MURRAY, Ky. — Students at Murray State University learned how to seek out opportunities upon graduation during a recent “meet the pros” alumni panel sponsored by the College of Humanities and Fine Arts.

The panel, titled “Professional Adventures of Alumni: What is Possible with Your Degree,” consisted of the following alumni: Pat Summerville, ’72; Chris Goodlett, ’95, ’98; Ashley Ireland, ’05; and David Schmoll, ’11. During the panel presentation, the four alumni shared with students how their undergraduate degrees led them to successful careers and discussed their life experiences along the way.

“The overall takeaway seemed to be to take time outside of the classroom to learn and apply yourself,” said Carrie McGinnis, director of alumni relations and the panel’s moderator. “The panelists inspired our students to be flexible and to not allow themselves to be limited by or attached to their job descriptions.”

Summerville obtained her degree in art education from Murray State in 1972 and went on to earn three additional degrees in education, hospital administration and law. Her career included stints as an art teacher, as a healthcare administrator and as a practicing lawyer until her retirement in 2003.

Summerville said her education prepared her for the real world, set her up to succeed and even allowed her to retire at age 52. But, she added, what mattered most was how she handled moments of adversity — for which Murray State provided her the tools for success.

“What I really learned here was how to grow up, how to be creative, how to think, how to talk to people, how to fail and how to get up and do it again. And those are skills that transcend art,” Summerville said.

Goodlett graduated from Murray State in 1995 with a bachelor’s degree in history education and in 1998 with a master’s degree in public history. From there he worked as a curator for collections for 14 years at the Kentucky Derby Museum and later went on to become the director of curatorial and educational affairs. He also holds leadership positions in several professional organizations.

He, too, praised his education at Murray State for preparing him with sharp critical thinking and analytical skills.

“Critical thinking and analytical skills are very central — particularly now [that I’m] stepping into a project manager and strategic planning role,” Goodlett said. “And especially when it comes to listening to people that you’re working with on these projects and understanding what they expect to get from the project.”

Ireland earned her bachelor’s degree in English literature and sociology from Murray State in 2005. She returned to the University as a member of the library staff, including stints as the library liaison for the sciences and agricultural studies and as the director of user and instruction services, before ultimately becoming the dean of libraries in 2015.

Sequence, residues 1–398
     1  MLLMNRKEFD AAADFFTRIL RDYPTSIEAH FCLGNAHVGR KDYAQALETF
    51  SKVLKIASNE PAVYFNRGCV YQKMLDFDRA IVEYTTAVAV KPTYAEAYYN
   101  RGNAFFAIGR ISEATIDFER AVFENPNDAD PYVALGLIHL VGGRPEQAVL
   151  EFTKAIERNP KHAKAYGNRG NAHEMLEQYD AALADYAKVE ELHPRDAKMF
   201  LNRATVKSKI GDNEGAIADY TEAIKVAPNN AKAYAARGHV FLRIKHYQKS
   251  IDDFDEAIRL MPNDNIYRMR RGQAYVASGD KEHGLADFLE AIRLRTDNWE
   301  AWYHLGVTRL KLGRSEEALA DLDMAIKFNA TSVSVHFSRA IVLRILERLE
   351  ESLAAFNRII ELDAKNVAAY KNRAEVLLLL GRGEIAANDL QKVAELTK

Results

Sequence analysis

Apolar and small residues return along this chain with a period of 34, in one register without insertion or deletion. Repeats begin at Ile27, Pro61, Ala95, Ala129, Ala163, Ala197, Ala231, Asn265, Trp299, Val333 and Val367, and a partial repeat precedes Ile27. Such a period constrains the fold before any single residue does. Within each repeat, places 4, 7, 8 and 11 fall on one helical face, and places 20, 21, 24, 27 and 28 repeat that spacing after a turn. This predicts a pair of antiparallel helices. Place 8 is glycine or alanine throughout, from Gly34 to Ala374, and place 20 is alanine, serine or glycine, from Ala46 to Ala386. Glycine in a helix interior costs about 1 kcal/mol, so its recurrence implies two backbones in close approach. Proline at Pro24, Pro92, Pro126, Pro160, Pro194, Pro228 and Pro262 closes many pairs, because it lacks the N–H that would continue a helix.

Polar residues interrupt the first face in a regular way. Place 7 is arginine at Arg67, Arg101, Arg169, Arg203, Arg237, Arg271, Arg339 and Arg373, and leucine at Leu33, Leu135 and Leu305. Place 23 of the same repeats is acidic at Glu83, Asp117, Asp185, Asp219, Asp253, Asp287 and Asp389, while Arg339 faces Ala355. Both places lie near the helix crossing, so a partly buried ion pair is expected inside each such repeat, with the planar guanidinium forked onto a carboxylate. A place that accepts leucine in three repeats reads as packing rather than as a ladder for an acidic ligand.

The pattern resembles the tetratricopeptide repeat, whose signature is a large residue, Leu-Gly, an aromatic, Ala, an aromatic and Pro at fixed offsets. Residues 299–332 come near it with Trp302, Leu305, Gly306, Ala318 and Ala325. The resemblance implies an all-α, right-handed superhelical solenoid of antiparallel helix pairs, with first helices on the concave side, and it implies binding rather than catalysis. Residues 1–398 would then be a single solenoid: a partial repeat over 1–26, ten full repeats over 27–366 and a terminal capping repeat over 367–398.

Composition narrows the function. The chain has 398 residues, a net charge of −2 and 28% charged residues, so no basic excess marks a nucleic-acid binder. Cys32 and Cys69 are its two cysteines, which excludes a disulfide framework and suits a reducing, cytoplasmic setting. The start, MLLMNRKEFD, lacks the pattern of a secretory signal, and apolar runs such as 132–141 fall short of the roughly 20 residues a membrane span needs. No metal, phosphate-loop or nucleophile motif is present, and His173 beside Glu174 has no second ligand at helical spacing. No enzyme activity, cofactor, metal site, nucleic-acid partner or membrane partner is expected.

“Most employers, whether they articulate it or not, are looking for potential employees who possess curiosity and who seek to fulfill that curiosity with a critical, discerning eye,” Ireland said. “College of Humanities and Fine Arts graduates have those characteristics. Their majors challenge them to ask big questions and to look to what is known, and what can be known, for their answers.”

Schmoll graduated from the Honors College at Murray State in 2011, majoring in political science with a minor in creative writing. Schmoll had a wide variety of internships during his time at the University, including positions with the Mississippi RiverKings, Indiana Ice, St. Louis Blues and WKMS radio. Shortly after graduation, he landed a job as the broadcaster and video relations coordinator for the RiverKings, continuing to move up in the organization to become the general manager in 2016.

As he reflected back on his time at Murray State, Schmoll said he is confident that his undergraduate degree allowed him to problem solve and recover from failure. He encouraged students to be persistent in their passions and remain open to lifelong learning.

“We want someone who is willing to learn and ready to learn,” Schmoll said. “We also want someone who is energized and passionate. It has to be someone who can communicate effectively.”

Summerville echoed that advice: “When you get your bachelor’s [degree], that’s just the beginning. The people that I find most successful are the ones who want to learn and keep learning and don’t stagnate. You will learn for the rest of your life.”

Photo Caption: Students at Murray State University learned how to seek out opportunities upon graduation during a recent “meet the pros” alumni panel sponsored by the College of Humanities and Fine Arts. The panel consisted of the following alumni, pictured from left to right: Pat Summerville, ’72; David Schmoll, ’11; Ashley Ireland, ’05; and Chris Goodlett, ’95, ’98.

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